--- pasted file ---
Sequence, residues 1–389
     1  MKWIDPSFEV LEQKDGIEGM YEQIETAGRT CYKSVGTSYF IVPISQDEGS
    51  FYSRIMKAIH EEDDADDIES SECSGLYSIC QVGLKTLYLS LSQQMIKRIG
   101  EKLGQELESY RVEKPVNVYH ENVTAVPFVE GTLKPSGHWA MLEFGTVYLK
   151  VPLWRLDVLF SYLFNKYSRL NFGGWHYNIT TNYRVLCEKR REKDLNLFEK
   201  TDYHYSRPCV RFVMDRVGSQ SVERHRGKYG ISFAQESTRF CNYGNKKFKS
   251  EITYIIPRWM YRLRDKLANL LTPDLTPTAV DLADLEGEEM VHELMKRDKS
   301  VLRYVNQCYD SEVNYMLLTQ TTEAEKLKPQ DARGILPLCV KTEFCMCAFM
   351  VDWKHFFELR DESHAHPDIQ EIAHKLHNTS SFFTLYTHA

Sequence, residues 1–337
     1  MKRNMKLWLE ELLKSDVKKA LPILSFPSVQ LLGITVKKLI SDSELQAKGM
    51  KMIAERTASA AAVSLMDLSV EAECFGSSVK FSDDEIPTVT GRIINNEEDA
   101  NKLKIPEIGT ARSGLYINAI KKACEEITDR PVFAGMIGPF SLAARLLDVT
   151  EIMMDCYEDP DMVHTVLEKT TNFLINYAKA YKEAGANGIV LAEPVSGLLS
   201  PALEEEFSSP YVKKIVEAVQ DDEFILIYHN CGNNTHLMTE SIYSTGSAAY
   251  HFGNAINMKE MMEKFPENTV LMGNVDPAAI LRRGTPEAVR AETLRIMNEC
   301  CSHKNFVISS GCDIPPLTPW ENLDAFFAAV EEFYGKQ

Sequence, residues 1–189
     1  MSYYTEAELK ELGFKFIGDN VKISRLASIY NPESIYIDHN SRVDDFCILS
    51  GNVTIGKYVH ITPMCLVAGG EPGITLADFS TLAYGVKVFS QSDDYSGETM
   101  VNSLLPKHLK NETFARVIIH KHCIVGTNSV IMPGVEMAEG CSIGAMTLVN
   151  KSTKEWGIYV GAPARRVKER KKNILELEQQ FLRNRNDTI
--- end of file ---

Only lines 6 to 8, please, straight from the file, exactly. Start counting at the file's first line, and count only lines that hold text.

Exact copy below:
   201  TDYHYSRPCV RFVMDRVGSQ SVERHRGKYG ISFAQESTRF CNYGNKKFKS
   251  EITYIIPRWM YRLRDKLANL LTPDLTPTAV DLADLEGEEM VHELMKRDKS
   301  VLRYVNQCYD SEVNYMLLTQ TTEAEKLKPQ DARGILPLCV KTEFCMCAFM